Archive for September, 2007|Monthly archive page

Having two audio recorders at the scene

NewsLab has collected some really good tips, offered by professional photojournalists, on how to gather audio. Part of the advice is related to the use of sound recorders. It was interesting for me that the article suggested using at least two audio recorders at the scene.

One sound recorder should be connected to either a wireless lav or a shotgun microphone, to get clear audio of the main subject we are interviewing or even just taking pictures of. This could have been very useful for me when I was taking photos of a couple and their child having dinner today. As I was taking photos of the family, we were chatting with each other, and they told some interesting things about who they are and what they do. They sounded so natural and comfortable, and I’m not sure if my future interview with them would sound as natural as today’s.

The article also suggests having a separate recorder on from the beginning of the photo shoot to the end, to grab the whole background sound. If I had an audio recorder on while I was taking the pictures, I could record the sound of the child’s crying. I have a cute picture of her crying, and it would be nice to complement it with the sound of crying. I don’t have the sound now, and I can’t record the sound of crying later due to the ethics of audio editing. Therefore, I have to go back and take another cute photo of the child’s crying!

I wish I had read the article before shooting the photos!

Advertisements

built-in or external microphone?

Hal Robertson has some recommendations for collecting natural sound or “nat sot” for video. Some of these recommendations apply to making slide shows as well, and some of them don’t. For example, we can’t use the built in microphone of a camera to record audio while we are taking pictures, because, obviously, the camera’s built-in microphone only works with video. However, his advice on the nature of the sound and its relevance to the video can be used in taking audio for slide shows as well.

As Robertson mentions, the process of gathering audio depends very much to the complexity of the type of sound we want to record. We can either use our built-in microphone of our sound recorder or an external microphone based on the subject of the audio. Robertson speculates that a high quality built-in microphone of the camera would be a good device for gathering background audio that complements the video footage. Similarly, my guess is that using the built-in microphone of our sound recorder would be better for collecting background sound, than using an external microphone. I think that way because a good external microphone records only the sounds close to it. In fact, a good microphone blocks out most of the surrounding sounds and therefore is great for interviews. However, if we want to grab a sense of the whole environment, the built-in sound recorder that records all its surrounding sounds would be a better option.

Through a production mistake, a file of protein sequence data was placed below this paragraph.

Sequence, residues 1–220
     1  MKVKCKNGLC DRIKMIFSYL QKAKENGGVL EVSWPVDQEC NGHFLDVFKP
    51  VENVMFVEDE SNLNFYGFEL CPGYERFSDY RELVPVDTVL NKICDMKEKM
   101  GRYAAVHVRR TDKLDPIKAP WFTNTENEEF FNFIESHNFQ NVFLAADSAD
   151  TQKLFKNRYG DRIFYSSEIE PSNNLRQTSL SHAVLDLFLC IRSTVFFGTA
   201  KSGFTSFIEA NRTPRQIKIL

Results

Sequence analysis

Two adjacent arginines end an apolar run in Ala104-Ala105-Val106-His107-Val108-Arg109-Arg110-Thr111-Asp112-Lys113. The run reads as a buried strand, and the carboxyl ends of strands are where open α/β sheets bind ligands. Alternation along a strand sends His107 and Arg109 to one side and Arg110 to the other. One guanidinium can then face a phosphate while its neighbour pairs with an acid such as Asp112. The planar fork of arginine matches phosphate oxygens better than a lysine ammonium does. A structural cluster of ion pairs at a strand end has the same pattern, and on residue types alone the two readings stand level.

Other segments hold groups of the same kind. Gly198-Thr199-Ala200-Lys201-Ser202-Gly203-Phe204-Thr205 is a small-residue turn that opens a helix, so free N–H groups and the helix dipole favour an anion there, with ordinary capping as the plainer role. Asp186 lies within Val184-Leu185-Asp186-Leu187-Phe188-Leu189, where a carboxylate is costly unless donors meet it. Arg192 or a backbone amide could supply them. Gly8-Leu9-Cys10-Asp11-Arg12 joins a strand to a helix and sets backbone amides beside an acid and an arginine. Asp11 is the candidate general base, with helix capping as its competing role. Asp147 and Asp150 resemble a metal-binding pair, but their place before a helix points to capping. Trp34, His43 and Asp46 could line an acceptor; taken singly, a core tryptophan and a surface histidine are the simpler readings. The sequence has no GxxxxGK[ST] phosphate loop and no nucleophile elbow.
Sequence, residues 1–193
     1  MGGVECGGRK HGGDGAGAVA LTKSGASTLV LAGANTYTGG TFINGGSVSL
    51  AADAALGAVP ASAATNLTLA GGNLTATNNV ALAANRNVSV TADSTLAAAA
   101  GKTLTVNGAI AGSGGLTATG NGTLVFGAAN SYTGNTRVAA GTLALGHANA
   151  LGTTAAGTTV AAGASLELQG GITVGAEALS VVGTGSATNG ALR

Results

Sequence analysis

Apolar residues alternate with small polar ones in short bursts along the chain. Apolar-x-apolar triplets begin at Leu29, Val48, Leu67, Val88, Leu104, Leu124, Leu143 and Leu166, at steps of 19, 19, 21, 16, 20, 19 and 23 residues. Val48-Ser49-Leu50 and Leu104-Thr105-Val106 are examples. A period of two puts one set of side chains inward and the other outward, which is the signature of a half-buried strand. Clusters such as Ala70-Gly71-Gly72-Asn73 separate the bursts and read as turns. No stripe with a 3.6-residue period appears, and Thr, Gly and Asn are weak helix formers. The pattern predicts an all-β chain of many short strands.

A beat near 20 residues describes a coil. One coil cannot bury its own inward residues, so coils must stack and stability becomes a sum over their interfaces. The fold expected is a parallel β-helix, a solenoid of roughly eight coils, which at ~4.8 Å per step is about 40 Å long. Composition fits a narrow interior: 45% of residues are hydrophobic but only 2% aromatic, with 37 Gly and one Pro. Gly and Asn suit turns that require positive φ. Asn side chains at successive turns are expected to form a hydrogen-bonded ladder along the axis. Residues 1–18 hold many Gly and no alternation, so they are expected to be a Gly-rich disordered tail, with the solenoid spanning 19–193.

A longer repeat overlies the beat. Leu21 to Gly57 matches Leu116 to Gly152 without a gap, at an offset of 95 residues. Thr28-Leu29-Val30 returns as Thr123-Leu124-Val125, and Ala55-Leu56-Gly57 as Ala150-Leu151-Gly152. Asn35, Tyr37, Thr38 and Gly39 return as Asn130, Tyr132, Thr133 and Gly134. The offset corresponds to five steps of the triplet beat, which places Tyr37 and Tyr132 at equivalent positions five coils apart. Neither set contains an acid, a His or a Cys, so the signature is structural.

Robertson says:

If you shot the production footage, you know the environment of the scene and how close the subject was to background noisemakers. Using your ears as a guide, find a recording location that closely matches the original footage.

Does that mean we should use the external microphone but put it close to the main background sound that has been closer to the subject of our video/picture? What do you think about this? Have you ever had any experience with recording the background sound with both a built-in microphone and an external microphone? If yes, which one works better?

Understanding photojournalism: beyond knowing how to use a camera (Part One)

Before Journalists’ Toolkit class, my only encounter with photography, or let’s say photojournalism, was my online conversations with Arash Ashourinia, one of my best friends who is a freelance photojournalist living in Iran. Arash runs a photoblog and has taken shots from various protests and unrests in Tehran, where no other photographer, including photographers working for international news agencies in Tehran, were present. Often, these photos, along with narratives in Persian blogs, become the only evidence of activists’ protests and police brutality in Tehran. BBC Persian website has republished his photos a couple of times, and one of his photos was published in both online and paper editions of Washington Post.

After a protest happens in Tehran, I usually find Arash online on my Yahoo! Messenger to see his photos, help him choose the best shots, and translate the captions of his photos to English. I comment on his photos from an amateur’s point of view though. I look for the shots that tell me the story better, show the conflict more vividly, and are eye-catching.

Last week, I read parts of Kenneth Kobre’s book Photojournalism: The Professionals’ Approach, and as part of my class assignment I took various shots from a classmate. This whole experience helped me realize that there is much more to photojournalism than knowing the technical issues related to using cameras professionally. Of course it is important to master photography as a technique to become a professional photojournalist, but there are so many other elements involved in producing good photojournalism.

The first thing I learned from Kobre’s book and practiced as part of my class assignment was “assuring visual variety” through taking three forms of shots:

1- Overall shot:

This form is a panoramic shot that gives an idea of the whole scene where an event is taking place, and as Kobre says “allows viewers to orient themselves to the scene,” “defines the relative position of the participants,” and allows “to evaluate the magnitude of the event.” (P. 13)

My assignment was about taking photos of my classmate while she was taking photos of a crowd of bicycles parked somewhere on campus. I stood on top of something far from her (as advised by Kobre to elevate ourselves for taking overall shots, p.14) and took some photos that included her, most of the bikes, and part of the campus. I thought I did a good job of capturing an overall picture of the scene, but my overall shots turned out to be useless! They were too far from my main subject, which was my classmate, and she was almost lost in the crowd of bikes and the trees behind her. I realized that just capturing the magnitude is not enough all the time, and I should not forget the main subject of the shot.